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Tennessee Tech alumna, staff member recall memories of service to U.S. Presidents
February 19, 2024, 4:10 p.m.

COOKEVILLE, TN - As Tennesseans mark the annual Presidents’ Day holiday on Feb. 19, a bipartisan pair of Tennessee Tech Golden Eagles are recalling their own fond memories of service to our nation’s past commanders in chief.

tennessee tech cheryl montgomery and bill clinton
Tennessee Tech staff member and former Bill Clinton administration aide Cheryl Montgomery; image submitted

Cheryl Montgomery, director of program development and engagement for Tech’s College of Business, spent more than a half-decade as director of scheduling for U.S. Attorney General Janet Reno under President Bill Clinton following earlier roles on the Clinton-Gore 1992 presidential campaign and transition team.

penny grace judd and george w bush
Tennessee Tech alumna Penny Grace Judd as former George W. Bush administration aide; image submitted

Penny Grace Judd, a Tech journalism graduate from the class of 2000 and current Alumni Association Board of Directors member, served in various roles during the administration of President George W. Bush, including at the U.S. Department of Labor, Office of Management & Budget and in the White House Office of Legislative Affairs.

Montgomery and Judd appeared on a special Presidents’ Day episode of Tech’s “College Town Talk” podcast to revisit their years in the nation’s capital and pay tribute to the university’s role in shaping their respective journeys.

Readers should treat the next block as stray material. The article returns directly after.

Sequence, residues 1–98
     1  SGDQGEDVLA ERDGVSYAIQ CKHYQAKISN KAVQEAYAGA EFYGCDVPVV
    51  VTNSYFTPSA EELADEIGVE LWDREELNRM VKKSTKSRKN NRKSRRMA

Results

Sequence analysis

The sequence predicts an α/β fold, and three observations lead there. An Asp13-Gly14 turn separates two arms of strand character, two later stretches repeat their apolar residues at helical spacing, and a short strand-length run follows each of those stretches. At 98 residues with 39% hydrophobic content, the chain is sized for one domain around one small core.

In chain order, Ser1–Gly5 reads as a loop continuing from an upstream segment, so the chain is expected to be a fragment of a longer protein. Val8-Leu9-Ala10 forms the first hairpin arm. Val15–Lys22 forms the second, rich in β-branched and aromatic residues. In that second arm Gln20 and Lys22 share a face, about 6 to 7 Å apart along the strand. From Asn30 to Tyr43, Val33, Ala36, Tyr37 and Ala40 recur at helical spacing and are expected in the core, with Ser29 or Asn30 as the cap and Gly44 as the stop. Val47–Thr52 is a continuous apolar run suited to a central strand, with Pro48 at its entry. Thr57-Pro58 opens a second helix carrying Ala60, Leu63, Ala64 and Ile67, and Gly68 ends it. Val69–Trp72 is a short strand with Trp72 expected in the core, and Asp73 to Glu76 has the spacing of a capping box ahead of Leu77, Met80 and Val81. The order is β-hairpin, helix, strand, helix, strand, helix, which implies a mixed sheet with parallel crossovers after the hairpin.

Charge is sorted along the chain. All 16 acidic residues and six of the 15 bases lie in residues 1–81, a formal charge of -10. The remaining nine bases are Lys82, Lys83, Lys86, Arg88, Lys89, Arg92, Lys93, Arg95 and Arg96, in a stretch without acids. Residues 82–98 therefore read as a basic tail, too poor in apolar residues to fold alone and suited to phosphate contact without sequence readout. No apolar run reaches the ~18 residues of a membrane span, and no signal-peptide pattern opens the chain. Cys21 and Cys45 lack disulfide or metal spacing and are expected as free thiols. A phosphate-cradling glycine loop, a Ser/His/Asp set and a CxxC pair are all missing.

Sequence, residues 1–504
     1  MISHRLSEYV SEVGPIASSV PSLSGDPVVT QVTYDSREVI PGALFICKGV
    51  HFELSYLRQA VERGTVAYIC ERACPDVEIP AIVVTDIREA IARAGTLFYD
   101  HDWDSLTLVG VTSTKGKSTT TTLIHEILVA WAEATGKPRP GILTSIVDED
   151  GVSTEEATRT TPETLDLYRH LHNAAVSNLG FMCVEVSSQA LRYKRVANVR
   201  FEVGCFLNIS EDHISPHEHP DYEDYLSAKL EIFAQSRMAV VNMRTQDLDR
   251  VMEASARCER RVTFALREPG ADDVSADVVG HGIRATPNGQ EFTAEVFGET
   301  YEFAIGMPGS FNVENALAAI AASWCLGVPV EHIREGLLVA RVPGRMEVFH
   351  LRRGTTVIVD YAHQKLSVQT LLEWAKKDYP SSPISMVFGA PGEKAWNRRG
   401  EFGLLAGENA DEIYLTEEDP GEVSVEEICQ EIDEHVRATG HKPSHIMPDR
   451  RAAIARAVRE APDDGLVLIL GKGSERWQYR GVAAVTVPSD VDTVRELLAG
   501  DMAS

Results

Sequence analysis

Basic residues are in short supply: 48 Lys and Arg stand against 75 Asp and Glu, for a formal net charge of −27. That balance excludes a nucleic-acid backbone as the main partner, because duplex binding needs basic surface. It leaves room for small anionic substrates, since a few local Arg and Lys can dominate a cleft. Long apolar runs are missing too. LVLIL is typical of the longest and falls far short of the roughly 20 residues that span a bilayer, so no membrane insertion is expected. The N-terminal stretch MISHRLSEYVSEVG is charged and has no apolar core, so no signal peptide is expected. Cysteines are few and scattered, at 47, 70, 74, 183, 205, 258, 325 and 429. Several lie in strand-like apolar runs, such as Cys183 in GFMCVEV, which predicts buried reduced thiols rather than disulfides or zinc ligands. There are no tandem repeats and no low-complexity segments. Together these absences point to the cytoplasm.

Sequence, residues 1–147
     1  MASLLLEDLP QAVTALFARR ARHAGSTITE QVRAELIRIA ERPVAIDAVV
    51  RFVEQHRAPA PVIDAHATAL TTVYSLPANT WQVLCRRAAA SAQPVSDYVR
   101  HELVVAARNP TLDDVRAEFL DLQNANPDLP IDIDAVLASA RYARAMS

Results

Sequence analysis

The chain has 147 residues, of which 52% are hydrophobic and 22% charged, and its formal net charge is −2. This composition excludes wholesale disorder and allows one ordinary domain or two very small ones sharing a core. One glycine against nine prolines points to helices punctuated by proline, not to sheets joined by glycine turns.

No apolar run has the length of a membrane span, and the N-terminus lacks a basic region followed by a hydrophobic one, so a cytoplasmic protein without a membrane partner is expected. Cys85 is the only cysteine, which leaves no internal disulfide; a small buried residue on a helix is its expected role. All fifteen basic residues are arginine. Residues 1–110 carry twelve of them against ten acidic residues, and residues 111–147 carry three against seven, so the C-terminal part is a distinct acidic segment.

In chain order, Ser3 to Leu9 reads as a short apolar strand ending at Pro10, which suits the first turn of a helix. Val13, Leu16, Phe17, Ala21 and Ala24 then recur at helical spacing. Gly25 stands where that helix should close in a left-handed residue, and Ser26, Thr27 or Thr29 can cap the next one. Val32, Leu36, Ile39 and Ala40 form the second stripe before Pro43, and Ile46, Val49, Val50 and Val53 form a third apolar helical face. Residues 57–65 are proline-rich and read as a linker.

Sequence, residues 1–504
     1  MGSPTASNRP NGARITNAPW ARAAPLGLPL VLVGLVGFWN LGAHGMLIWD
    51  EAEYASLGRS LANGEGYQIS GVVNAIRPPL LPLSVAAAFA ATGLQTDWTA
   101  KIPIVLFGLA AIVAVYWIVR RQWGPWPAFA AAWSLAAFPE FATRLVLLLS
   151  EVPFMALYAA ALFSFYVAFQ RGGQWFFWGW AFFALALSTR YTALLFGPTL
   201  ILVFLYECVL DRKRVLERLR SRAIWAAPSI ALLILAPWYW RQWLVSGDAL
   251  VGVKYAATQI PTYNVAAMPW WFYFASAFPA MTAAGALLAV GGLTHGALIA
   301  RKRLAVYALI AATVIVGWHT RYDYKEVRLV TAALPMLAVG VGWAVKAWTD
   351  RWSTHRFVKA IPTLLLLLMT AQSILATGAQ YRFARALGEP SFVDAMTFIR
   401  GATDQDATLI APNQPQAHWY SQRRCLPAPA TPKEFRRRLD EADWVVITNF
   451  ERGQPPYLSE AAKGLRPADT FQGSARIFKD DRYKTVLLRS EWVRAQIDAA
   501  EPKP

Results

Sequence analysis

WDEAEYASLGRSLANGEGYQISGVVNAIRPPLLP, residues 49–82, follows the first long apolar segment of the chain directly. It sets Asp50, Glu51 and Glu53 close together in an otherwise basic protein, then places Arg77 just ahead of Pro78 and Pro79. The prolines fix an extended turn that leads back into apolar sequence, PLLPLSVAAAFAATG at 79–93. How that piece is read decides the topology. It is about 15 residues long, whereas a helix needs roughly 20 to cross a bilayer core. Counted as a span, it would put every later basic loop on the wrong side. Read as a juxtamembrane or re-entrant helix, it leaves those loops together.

Judd, who was also a former Student Government Association (SGA) president at Tech, says her climb up the career ladder can all be traced back to an internship she landed at the Tennessee Department of Transportation while studying at Tech. She leveraged that internship to secure a spot working at the Tennessee Republican Party in 2000 – an opportunity that positioned her in just the right place for a role in the incoming administration.

“This was deemed a battleground state, so a lot of resources flowed through Tennessee,” said Judd. “The staff here were able to have more relationships with the Bush-Cheney team at the national level. So then, thankfully, after the campaign they were gracious enough to reach out to see if we would be interested in roles in the administration.”

Looking back, Judd says her years on campus – including her time as a writer for The Oracle, the university’s student newspaper – prepared her well for the demands of politics.

“I really enjoyed being part of the journalism department and trying to meet those late-night Thursday deadlines for the newspaper,” said Judd. “Also being a part of Alpha Delta Pi, the UCSC [the off-campus University Christian Student Center] and being in the Student Government Association.”

Judd credits university administrators at the time, including the late President Emeritus Angelo Volpe and former Vice President for Student Affairs Marc Burnett, for being particularly supportive during her term as SGA president.

“I have so much gratitude for all the things they taught me along the way, which were really impactful in gaining skillsets to be able to work in the Bush administration,” said Judd.

While Montgomery’s experience at Tech started in earnest after her successful career in Washington, D.C., the Jackson County native says that the university was always a part of her story.

“I owe my very existence to Tennessee Tech,” said Montgomery. “My parents met at Memorial Gym and married two years later.”